How to Roast a Turkey ~ a list of everything you need to know to roast the perfect holiday turkey.
Thanksgiving is right around the corner and if you are anything like me, you are still just trying to figure out where this whole year has gone. Nonetheless, this is my favorite time of the year. I cannot wait for all the family fun and delicious food we’ll be eating in just a few weeks.
When I first started cooking big dinners at home for the holidays, I was completely scared and intimidated by the act of cooking a whole turkey. With the years, I’ve been able to learn how to make the process easier so that come the day I’m not struggling to get a perfectly cooked turkey on the table. The trick is to plan and prepare. To help you do just that, here is a list of everything you need to know to roast the perfect holiday turkey.
Buy the turkey 2 weeks ahead of time
You’ll need at least one week to begin preparing your turkey, so make sure that you buy the turkey well in advance to ensure that you have the appropriate time to get it ready for cooking. Plus, you’ll be surprised just how fast grocery stores would run out of the precious bird.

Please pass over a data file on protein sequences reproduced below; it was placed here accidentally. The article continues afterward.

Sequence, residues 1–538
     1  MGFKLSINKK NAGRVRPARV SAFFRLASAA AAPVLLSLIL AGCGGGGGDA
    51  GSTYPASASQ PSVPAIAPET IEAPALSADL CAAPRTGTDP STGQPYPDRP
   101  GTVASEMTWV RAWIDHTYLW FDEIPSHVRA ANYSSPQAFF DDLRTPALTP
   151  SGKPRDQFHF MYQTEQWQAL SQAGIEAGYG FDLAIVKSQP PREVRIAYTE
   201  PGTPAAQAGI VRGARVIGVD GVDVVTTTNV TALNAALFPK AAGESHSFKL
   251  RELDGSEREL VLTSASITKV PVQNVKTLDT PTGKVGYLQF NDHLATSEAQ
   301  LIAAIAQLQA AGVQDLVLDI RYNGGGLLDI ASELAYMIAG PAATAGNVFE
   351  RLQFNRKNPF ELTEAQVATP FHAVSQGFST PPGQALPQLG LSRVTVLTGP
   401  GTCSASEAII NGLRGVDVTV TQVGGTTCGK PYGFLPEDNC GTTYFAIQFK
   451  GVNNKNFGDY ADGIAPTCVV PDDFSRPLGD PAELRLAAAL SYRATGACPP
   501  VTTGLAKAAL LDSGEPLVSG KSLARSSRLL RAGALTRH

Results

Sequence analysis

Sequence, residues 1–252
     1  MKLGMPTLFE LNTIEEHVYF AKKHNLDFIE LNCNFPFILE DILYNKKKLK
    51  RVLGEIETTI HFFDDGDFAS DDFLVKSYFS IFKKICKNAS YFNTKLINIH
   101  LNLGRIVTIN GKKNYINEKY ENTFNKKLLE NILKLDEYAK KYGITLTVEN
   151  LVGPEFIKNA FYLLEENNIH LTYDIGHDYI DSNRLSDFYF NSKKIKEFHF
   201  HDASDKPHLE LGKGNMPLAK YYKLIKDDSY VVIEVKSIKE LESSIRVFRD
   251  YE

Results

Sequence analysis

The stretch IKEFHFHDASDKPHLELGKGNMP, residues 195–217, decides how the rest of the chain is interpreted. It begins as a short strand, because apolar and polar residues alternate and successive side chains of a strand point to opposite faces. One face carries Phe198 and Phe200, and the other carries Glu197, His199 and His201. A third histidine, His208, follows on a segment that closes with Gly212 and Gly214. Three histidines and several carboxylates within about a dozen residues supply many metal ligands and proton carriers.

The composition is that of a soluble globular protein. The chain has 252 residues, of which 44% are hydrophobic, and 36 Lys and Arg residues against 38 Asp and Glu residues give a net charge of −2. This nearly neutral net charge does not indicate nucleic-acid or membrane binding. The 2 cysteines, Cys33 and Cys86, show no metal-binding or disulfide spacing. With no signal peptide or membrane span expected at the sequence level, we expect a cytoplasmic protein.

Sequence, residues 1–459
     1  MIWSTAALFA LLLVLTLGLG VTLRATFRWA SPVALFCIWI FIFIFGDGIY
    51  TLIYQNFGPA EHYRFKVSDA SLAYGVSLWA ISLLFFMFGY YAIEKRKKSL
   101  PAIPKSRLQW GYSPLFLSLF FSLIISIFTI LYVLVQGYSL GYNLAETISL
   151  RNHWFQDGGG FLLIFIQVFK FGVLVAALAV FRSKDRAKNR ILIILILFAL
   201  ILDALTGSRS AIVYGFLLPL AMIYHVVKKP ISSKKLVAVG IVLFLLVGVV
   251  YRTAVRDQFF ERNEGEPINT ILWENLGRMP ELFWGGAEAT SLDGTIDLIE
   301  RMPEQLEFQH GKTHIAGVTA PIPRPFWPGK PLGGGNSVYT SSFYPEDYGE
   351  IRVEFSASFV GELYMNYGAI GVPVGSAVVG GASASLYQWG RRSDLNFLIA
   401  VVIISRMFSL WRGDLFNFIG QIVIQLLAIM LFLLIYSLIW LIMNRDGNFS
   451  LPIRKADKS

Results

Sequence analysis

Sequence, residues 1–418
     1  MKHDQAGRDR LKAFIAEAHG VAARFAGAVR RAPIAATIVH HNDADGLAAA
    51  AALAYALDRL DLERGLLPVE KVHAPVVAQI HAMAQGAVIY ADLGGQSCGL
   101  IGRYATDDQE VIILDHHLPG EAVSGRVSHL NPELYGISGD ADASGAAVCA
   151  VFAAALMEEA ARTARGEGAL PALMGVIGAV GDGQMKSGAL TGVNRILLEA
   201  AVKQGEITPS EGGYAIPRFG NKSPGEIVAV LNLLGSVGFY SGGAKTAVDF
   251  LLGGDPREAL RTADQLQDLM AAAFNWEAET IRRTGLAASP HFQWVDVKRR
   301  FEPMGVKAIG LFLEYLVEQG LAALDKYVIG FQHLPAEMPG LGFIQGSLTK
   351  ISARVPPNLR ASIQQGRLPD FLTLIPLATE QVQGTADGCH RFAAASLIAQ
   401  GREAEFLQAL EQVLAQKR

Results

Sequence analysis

Thaw the turkey
If bought frozen, thaw the turkey in the refrigerator 3-4 days in advance or approximately 24 hours for every 5 pounds of turkey. Be sure to thaw thoroughly before cooking.
Brining the turkey
Brining is a method used to prepare the turkey that involves immersing the turkey in salt water for a day before cooking. I have never used this method, but I’ve heard it’s very effective to achieve a perfectly seasoned and moist turkey.
Season the turkey a day before cooking
If not brining, season your turkey (both outside and inside) the day before and let it marinate overnight in the refrigerator. Remove from the refrigerator and place in the counter for about one hour to allow it to come to room temperature before roasting.
Start the turkey in a hot oven
Start roasting the turkey at 450 degrees for about 30 minutes. Then, lower the temperature to 350 degrees and continue roasting until cooked through. This will render the fat quickly and crisp the skin. If the skin starts browning too quickly, cover it with a piece of aluminum foil and continue cooking.
Take the temperature the right way
To know when the turkey is done, use a meat thermometer to measure the turkey’s temperature. Start taking the temperature after 2.5 to 3 hours of cooking. If it isn’t done, check the temperature every 15 minutes. Insert the thermometer in the thickest part of the thigh. When the turkey reaches a temperature of 165 degrees, it’s done. Remove from the oven and let it rest for 15-20 minutes before carving.